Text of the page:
Now, after almost 10 years of planning, the party has begun. But when the celebrations are over and the hangovers clear, what will Londoners find? Will we see an East London regeneration that has the hallmarks of Barcelona’s transformation, or an empty and bedraggled temple to hubris of Athenian proportions? Hanway says legacy is enshrined in the project. ‘Right from the beginning, legacy was a strategic decision. We never drew up a plan that was just an Olympic plan. There was always also a transition plan and a legacy plan. For example, we made sure that infrastructure was in the right place for legacy use, not just for the Games; that roads were placed where they’d be needed after the Olympics,’ he says.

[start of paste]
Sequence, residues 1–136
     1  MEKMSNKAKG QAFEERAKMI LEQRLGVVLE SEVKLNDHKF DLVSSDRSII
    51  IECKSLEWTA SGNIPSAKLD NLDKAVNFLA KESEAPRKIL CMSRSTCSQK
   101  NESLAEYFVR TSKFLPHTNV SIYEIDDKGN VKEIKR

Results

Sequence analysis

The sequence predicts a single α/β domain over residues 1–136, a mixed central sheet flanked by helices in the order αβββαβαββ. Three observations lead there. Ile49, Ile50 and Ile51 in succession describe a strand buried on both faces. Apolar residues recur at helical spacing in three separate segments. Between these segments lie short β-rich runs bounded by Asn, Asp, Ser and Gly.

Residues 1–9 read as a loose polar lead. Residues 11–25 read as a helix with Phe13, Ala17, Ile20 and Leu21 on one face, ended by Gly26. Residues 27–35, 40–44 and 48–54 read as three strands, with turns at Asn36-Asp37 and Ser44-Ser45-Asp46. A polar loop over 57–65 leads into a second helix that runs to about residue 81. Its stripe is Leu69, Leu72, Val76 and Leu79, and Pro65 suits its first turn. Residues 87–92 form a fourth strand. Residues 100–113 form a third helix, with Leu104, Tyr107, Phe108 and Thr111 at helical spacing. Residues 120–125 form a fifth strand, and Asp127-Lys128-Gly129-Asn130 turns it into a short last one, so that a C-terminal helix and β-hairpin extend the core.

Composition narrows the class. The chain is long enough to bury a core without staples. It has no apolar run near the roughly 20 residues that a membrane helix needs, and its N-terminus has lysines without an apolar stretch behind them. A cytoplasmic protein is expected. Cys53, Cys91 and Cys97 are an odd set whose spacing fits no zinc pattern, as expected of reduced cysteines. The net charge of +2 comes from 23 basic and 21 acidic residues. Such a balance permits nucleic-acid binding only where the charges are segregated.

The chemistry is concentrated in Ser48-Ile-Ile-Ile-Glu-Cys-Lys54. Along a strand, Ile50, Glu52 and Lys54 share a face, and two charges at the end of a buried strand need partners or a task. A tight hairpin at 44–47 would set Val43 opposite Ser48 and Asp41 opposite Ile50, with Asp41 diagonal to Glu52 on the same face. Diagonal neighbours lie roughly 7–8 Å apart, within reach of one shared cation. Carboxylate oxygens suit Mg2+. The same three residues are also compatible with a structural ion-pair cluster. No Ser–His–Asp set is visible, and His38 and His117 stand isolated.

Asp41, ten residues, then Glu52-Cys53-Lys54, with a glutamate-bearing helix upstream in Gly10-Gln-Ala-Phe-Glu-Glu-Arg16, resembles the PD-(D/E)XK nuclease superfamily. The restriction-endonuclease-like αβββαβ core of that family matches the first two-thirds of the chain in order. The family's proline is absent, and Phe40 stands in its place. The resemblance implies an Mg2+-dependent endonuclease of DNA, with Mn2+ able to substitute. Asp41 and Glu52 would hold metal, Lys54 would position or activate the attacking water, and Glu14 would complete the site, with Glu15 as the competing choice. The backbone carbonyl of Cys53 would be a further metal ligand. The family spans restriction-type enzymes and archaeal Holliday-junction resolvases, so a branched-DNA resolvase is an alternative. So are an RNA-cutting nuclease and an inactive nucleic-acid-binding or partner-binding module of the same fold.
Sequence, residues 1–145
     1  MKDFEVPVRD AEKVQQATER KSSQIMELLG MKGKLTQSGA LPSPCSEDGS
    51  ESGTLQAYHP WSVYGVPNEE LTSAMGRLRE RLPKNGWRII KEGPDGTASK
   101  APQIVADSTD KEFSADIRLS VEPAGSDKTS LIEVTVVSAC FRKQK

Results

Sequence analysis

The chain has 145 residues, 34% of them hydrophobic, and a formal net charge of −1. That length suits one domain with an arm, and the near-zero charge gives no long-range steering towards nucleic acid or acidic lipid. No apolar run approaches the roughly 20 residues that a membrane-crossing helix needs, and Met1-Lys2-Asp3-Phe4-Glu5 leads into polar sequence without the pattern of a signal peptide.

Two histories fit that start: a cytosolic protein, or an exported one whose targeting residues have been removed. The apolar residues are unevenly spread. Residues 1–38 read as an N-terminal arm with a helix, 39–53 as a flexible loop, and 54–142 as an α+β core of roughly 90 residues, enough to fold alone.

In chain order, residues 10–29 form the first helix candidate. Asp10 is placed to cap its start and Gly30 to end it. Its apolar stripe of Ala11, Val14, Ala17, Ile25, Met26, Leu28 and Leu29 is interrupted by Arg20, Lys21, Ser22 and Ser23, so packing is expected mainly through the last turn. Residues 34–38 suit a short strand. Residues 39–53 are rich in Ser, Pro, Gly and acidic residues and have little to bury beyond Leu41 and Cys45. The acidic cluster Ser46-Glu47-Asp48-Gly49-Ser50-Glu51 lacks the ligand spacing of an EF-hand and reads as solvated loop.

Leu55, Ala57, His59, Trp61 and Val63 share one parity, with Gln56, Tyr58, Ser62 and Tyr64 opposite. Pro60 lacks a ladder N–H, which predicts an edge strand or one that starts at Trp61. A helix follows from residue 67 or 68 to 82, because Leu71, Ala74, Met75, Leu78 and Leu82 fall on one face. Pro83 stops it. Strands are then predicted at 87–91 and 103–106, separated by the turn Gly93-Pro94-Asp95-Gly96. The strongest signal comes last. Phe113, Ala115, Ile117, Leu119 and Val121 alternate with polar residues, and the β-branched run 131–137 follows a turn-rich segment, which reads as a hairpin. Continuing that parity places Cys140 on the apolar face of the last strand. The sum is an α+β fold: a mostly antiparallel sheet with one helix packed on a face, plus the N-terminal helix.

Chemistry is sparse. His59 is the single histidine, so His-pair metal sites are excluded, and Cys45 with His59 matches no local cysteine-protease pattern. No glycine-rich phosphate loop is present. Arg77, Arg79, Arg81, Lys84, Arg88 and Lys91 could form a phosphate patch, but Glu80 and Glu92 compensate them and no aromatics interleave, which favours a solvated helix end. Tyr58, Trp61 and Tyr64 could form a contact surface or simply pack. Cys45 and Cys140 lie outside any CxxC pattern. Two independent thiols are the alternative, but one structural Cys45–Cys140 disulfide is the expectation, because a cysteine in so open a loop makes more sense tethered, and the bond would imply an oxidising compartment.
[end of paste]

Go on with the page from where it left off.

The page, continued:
to dismantle, after which the centre will provide two 50m swimming pools for public use, doubling the number of Olympic-size pools in London.
In designing the Velodrome, Hopkins Architects had to address conflict between Olympic Broadcast Services’ (OBS) needs and legacy requirements. ‘The broadcast service wants total control of light in venues and this means minimising natural light because the OBS can’t control it,’ says Taylor. ‘We decided natural light was the right answer for legacy users, to reduce running costs and improve the environmental performance of the building, so we designed for legacy. We pressed on with rooflights, leaving the OBS to black them out if it insists on it for the Games.’